1. Other dates being suggested are May (Matsuura 1982: 66) and more precisely May 23 or 24 (NHS Shuppan Kyokai 1993: 446) or even a month earlier (Matsuda Films Productions website). Meanwhile, Hiroshi Komatsu, in yet another mistake in his otherwise valuable article, believes the first screening took place on 17 September 1909 (Komatsu 1992: 250).
  1. A small monument commemorating the city of Kyoto as the birthplace of Japanese cinema was erected within the temple's grounds in 2008.

Kishi Matsuo, Jinbutsu Nihon Eiga Shi Vol 1 (Personalities: A History of the Japanese Cinema Volume 1), Daviddo-sha, 1970: 17.
Komatsu, Hiroshi, Some Characteristics of Japanese Cinema before World War I, in Reframing Japanese Cinema, Ed. Arthur Nolletti and David Desser, Indiana UP, 1992: 250.
Kyoto Media Support Center,
Kyoto's Film Culture and History. Chapter 2: Kyoto, a Monument for the Birth of Movies.
Makino, Masahiro, Eiga Tosei Ten no Maki [My life in cinema: Heaven volume] Makino Masahiro jiden [Maiko Masahiro Autobiography], Vol. 1, Tokyo: Heibon-sha, 1977: 13.
Matsuda Film Productions, Timeline of Japanese Silent Films The History of Silent Film in Japan.
Matsuura, Kozo, Nihon Eiga-shi Taikan: Eiga Torai kara Gendai made 86-nenkan no Kiroku, Bunka Shuppan Kyoku, 1982: 66.
NHS Shuppan Kyokai Nihon no Sozoryoku - Kindai: Gendai o Kaika Saseta 470-nin, Dai 10, Daitoshi to Nozo no Meian, "Gekieiga - Nihon Eiga Sozo no Chichi Makino Shozo", 1993: 446.
Tanaka, Junichiro , Nihon Eiga Hattatsushi: Katsudo Shashin Jidai, Chuo Koronsha, 1980.


Kyoto: Birthplace of Movies
(Shinnyodo Temple)

30 September

The film company M Pathe founded by pioneer film producer Umeya Shokichi shows its first work, Soga Kyodai Kariba no Akebono (Dawn at the Soga Brothers' Hunting Grounds (1) (2)) at Tokyo Asakusa's Taishokan. This short film was shot by Nishikawa Genichiro and performed by theater star Nakamura Kasen and her all female kabuki troupe Musume Bidan (Group of Young Beauties). Nakamura Kasen, in the role of Soga Goro, has been described by, among other film historians, Sato Tadao as the first female film star in Japan (Sato 2006 : 123). Fujiki Hideaki is relunctant to call her that arguing that Nakamura Kasen's popularity was limited to Tokyo's Asakusa district and had been already cemented through her theater work to which she was more connected (Fujiki 2013 : 1-2). Nakamura Kasen, nevertheless, was heralded by the newspapers of the time as the pioneer of the rensageki (Tsuchida 2012 : 70), a hybrid of film and stage performance.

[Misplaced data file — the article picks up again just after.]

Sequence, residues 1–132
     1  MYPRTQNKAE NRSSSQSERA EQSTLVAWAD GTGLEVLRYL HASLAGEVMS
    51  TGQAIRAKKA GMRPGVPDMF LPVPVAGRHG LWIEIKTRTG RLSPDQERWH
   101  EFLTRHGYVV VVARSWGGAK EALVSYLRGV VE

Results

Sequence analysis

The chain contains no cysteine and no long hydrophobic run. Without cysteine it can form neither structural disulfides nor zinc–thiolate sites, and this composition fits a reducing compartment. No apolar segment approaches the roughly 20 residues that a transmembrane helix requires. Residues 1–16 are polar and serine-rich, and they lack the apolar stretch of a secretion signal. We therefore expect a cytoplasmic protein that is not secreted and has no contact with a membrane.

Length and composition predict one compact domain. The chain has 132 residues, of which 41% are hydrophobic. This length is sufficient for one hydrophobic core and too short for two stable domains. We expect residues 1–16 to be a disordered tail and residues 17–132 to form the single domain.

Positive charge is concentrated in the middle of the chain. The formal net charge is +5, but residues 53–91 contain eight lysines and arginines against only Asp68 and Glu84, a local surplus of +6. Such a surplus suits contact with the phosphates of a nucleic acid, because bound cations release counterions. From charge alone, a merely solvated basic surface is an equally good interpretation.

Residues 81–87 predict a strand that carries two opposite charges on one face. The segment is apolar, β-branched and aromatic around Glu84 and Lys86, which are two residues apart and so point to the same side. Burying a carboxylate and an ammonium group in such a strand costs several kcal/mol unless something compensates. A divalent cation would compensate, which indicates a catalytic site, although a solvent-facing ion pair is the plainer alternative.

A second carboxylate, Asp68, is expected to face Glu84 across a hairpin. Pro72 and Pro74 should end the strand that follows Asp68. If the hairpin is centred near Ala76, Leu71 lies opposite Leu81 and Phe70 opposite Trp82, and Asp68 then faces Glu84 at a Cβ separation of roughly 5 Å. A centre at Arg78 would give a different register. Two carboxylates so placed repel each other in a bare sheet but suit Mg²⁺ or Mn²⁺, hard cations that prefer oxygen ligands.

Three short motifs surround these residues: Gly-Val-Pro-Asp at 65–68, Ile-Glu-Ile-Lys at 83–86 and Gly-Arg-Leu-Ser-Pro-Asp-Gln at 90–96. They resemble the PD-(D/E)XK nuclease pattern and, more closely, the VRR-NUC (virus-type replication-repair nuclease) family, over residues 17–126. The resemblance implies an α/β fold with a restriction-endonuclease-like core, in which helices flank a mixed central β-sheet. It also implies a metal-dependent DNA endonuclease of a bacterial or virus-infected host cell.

Tsuchida Makiko, who has written extensivily about Kasen, has found 10 works (3), unfortunately she doesn't provide titles for all of them, all produced by M Pathe starring Nakamura Kasen of which Kyugeki Taikoki Judanme: Amasaki no Dan (1908) and Asagao Nikki (The Diary of a Morning Glory, 1909) survive. Another extant work not produced by Umeya Shokichi's M Pathe but by his following film adventure, the short-lived M Kashii Company, is Sendai Hagi (1915, other sources claim 1916 (4)), which represents the company's only surviving film (5). Nakamura's appearance in a film version of the popular play Asagao Nikki has been questioned (Fujiki : 315) but Komatsu Hiroshi acknowledges her presence in the role of Miyuki, along with her half-sister, female pupil, Nakamura Utae.

Similarly, the NHK documentary on Umeya Shokichi Son Bun Sasaeta Nihonjin - Shingai Kakumei to Umeya Shokichi, aired on May 22, 2010 by the channel BShi (now BS Premium), claims that Nakamura Kasen starred in a film also produced by M Pathe titled Kojo Shiragiku (Faithful Daughter Shiragiku), which might have premiered at Asakusa's Taishokan on May 26 1912, although I have found no evidence that supports this claim. In any case, since I have neither found any records of the existence of any fragments of this film, the scenes shown in the documentary, also judging by the mise-en-scene and editing, may belong not to the 1912 film but a 1925 version, Seinan Senso Hishi: Kojo Shiragiku, of the same popular epic poem written by the tanka poet Ochiai Naobumi (1861-1903) in 1888, of which the Tokyo National Film Center, since April 1 2018 the National Film Archive of Japan (NFAJ), keeps a 44 minutes copy on 35mm (6).